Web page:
Note that both sides are homogeneous of degree 4: ie, if we replace $a,b,c$ by $ta,tb,tc$ where $t>0$, both sides get multiplied by $t^4$ which has no effect on the inequality.
If we rescale by $t=1/(a+b+c)$, the effect is the same as requiring that $a+b+c=1$. Often this is formulated as the statement that we can choose $a+b+c=1$ without loss of generality. Alternatively, we could have chosen $a^2+b^2+c^2=1$ without loss of generality, which would be convenient for reformulating the LHS. Unfortunately, we cannot get both these assumptions at the same time. However, we can use then in a step-wise manner to break the inequality into three steps:
The way I got to this was the realisation that the RHS expression could be bounded from above more easily under the assumption $a+b+c=1$. Basically, if $a+b+c=1$, we have $abc\le1/3^3$, and so $RHS\le1/(2\cdot3^3)$. However, this inequality now only applies to $a+b+c=1$, so the return to the general case of any $a,b,c>0$, multiply by $(a+b+c)^4$, which is just $1$ when $a+b+c=1$ to make it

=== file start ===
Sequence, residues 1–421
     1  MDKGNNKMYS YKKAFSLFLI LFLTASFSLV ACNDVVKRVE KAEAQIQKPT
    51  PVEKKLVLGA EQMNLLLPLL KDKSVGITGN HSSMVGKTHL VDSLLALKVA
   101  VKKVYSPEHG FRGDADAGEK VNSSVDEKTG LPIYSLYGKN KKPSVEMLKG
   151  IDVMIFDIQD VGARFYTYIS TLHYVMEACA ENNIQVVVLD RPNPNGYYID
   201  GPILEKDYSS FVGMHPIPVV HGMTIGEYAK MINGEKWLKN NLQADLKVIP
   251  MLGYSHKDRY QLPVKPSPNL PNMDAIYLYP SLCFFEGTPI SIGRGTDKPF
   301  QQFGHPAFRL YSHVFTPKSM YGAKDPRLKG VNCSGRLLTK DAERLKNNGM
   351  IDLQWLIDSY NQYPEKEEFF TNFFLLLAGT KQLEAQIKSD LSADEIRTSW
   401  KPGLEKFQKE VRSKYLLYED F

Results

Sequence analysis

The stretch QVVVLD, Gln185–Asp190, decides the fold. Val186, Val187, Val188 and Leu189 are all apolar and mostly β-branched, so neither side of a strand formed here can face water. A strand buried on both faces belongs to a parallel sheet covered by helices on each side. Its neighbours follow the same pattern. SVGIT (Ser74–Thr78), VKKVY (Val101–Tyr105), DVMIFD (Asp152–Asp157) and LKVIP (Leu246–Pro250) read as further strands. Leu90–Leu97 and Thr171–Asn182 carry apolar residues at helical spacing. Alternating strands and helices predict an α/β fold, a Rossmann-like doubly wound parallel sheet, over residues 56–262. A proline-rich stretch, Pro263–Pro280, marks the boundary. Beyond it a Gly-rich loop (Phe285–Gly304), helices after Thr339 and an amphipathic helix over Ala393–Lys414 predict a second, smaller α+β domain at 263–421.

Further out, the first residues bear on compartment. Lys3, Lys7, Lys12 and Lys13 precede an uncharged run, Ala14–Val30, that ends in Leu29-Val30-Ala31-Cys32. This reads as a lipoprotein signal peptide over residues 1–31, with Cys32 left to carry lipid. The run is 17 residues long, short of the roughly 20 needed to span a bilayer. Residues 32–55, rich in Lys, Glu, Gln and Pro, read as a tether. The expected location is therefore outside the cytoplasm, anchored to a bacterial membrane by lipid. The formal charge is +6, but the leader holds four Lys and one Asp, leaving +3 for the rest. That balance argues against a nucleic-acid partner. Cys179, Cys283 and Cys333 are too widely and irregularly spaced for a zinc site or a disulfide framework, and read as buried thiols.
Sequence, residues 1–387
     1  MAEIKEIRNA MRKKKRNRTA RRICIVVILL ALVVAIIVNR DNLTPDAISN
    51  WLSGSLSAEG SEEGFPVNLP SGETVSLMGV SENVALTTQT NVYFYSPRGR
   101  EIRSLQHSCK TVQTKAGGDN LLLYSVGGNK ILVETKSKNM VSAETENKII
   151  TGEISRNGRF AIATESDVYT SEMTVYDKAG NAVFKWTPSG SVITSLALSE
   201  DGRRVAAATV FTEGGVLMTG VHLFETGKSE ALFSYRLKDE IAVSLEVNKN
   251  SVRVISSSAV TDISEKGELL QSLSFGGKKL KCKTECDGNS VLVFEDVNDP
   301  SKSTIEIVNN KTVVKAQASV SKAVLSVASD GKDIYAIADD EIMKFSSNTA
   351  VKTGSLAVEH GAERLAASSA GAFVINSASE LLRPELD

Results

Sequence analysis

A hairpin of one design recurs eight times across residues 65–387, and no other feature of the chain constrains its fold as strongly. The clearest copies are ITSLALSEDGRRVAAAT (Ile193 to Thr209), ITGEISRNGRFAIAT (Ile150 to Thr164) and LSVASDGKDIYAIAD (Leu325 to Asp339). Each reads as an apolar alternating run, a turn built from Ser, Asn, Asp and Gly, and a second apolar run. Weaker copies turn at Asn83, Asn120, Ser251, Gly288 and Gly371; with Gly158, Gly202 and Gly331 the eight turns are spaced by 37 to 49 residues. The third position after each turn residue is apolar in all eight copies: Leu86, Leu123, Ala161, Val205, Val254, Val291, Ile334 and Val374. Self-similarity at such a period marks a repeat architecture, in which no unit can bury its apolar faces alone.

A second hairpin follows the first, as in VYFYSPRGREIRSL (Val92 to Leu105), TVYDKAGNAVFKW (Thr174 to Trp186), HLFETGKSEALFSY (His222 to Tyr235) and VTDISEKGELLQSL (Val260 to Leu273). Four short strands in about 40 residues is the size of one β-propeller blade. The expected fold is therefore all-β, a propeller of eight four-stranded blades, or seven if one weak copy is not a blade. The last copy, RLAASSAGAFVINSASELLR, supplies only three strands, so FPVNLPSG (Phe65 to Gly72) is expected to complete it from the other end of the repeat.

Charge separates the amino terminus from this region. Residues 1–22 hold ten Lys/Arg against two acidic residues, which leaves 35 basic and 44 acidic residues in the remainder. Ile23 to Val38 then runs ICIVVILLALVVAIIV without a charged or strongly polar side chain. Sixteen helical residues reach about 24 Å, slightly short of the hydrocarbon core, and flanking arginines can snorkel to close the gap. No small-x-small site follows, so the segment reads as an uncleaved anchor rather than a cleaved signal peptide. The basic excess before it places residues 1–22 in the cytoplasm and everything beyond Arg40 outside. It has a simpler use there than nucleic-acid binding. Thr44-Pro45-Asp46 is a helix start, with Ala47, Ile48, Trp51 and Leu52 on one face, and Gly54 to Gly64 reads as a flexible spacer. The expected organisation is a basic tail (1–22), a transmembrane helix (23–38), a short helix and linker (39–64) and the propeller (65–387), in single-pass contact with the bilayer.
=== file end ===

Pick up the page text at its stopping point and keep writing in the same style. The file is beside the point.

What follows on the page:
However, the outermost terms, $abc(a+b+c)/2\le(a+b+c)^4/(2\cdot3^3)$ is now homogeneous of degree 4 in $a,b,c$ and so holds for all $a,b,c>0$.
The LHS can be made easier to address if we assume $a^2+b^2+c^2=1$. Then, $a^6/(b^2+c^2)=a^6/(1-a^2)$. On this we can apply Jensen's inequality, but in terms of $u=a^2$, $v=b^2$, $w=c^2$ with $u+v+w=1$. Again, we work under the restriction $u+v+w=1$, and then multiply in the appropriate power of $u+v+w$ at the end to get homogeneous expressions of the same degree.
After the two simplifying bounds, we get the inequality in the middle of the topmost chain of inequalities, which shouldn't be too hard.